Whangarei will again have the chance to see arguably New Zealand's biggest band, Six60, at Toll Stadium in March. Andrew Johnsen talks to bassist Chris Mac about the band's progression, the uniqueness of Northland crowds and what Six60's March 17 show will give the fans

SIX60 are heading back to the top of the country to provide Northland the end to the summer season in a way only they can.

They are bringing their New Waves World Tour act back to Whangarei after last performing at Toll Stadium in 2016, and at the end of a split tour which earlier this summer had them playing to more than 20,000 in several venues in just over a week.

The quintet, made up of lead singer Matiu Walters, Chris Mac on bass guitar, guitarist Ji Fraser, sampler Marlon Gerbes and drummer Eli Paewai, have become synonymous with Kiwi music through their six years in the public eye.

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Mac said it didn't take much to persuade them to return to Northland.

"We're pumped to be coming back up! Last time we were there it was one of the highlight shows on the tour," he said. "I don't know whether it's location or the people but for some reason it's a special show.

"The crowd loved it and that always helps us put on a great show.

"To be honest, we tried to kid ourselves that we would only do those first five shows. But we love it too much. We love touring.

"We were selling out our shows and people were asking us to come to different places and we've got rubber arms when it comes to adding new shows. We can't help ourselves."

Six60 recently released an EP, which includes the top-10 hit Don't Give It Up.

However, it's another track that Mac loves the most.

"Up There is my favourite. It's the most personal song on there for me and for the entire band," he said.

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"It's all of us. It tells the story of how we got into what we do today. And I think everyone can relate to the feeling.

"For me it was riding around on my bike listening to Nirvana and feeling connected to the music and to a band and people that see the world in the same way I did. Everyone has that moment in life and it's great to have that feeling in a song."

Six60 recently have spent time in the US to progress themselves as artists and this can be heard on their latest EP.

Mac said the decision to head there has been hugely beneficial to the band.

"We love the second album we did [the self-titled Six60] and we love New Zealand music so much but we knew we could get better as a group so we went to the US to learn from the best," Mac said.

"Because of it, our songwriting has gotten better. Our willingness to just go with songs and let them become what they want to become rather than trying to force them somewhere has been really liberating. In the end we've got something we are really proud of."

During their time in the US, they got to work with legendary music producer Pharell Williams, not that Mac believed it until he saw him in the flesh.

"Up until the point where he walked into the room everyone was a little sceptical. We were sitting there going, 'You got me, we totally fell for it'.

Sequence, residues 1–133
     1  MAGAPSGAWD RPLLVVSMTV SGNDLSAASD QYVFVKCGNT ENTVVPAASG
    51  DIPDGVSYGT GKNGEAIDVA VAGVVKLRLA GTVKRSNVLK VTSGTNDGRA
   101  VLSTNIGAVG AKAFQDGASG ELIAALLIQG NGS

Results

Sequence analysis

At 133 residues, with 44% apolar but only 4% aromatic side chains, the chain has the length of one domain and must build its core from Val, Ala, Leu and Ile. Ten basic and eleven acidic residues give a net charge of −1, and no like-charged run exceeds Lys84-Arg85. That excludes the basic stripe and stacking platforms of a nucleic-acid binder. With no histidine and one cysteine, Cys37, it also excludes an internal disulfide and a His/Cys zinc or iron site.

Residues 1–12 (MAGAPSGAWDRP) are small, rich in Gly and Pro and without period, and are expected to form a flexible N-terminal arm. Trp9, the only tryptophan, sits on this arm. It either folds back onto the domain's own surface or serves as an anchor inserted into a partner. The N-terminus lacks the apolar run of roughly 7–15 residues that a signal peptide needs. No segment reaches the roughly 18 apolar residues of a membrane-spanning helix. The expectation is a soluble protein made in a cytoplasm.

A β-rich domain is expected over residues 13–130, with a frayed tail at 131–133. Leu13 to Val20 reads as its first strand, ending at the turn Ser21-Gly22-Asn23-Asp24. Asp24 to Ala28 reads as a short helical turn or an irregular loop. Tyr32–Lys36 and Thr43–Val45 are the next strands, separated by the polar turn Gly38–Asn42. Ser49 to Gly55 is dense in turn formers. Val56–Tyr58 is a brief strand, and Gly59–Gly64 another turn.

"He's been my hero since I was 17."

Six60 have since moved their base to Auckland after starting in a cold flat in Dunedin.

The founding members met as students at the University of Otago and took the band's name from the street number of the house they lived at.

Their early following developed from Dunedin to other student hubs around the country, their unique sound a welcome, fresh Kiwi fusion of roots, reggae, hip-hop, dubstep, and drum and bass.

The band's new studio has been called "the mullet of studios" by Mac - business in the front, party at the back. The move has made fiscal sense for the band.

"Auckland's just closer to the record label, to radio stations and it's a lot cheaper to have all our stuff in the same city.

"It's better than flying everyone around for rehearsals. We're not made of money, though that would be nice.

"It would also be really problematic. We couldn't be out in strong winds or anything like that.

The band is looking forward to coming to Whangarei for their sixth date on a split New Zealand tour, with Christchurch being the last venue for the summer. Walters can't wait to return to the North.

"We always have an awesome time with our fans in Whangarei, and we think some people who missed out on the Auckland show will travel up too, so we're expecting a great crowd."

Mac said concert-goers will be in for a phenomenal night with the talents of Kings and P-Money complementing their variety of new tracks and old classics.

"Kings was on our last run with us and puts on an amazing show. He has a band with him and he does his thing. "He actually shreds on the guitar. I didn't know that until I met him.

"And P-Money, I mean can you really get any better? He's a Kiwi icon and we're proud to have him on the road with us.

"We're at the top of our game. Each year we get better. Our latest tour of Europe gave us the chance to refine our skills and we're having the time of our lives out there.

"We'll play all of our new stuff and try not to leave out any of the crowd favourites as well. We just love to play so we want to play every song we have."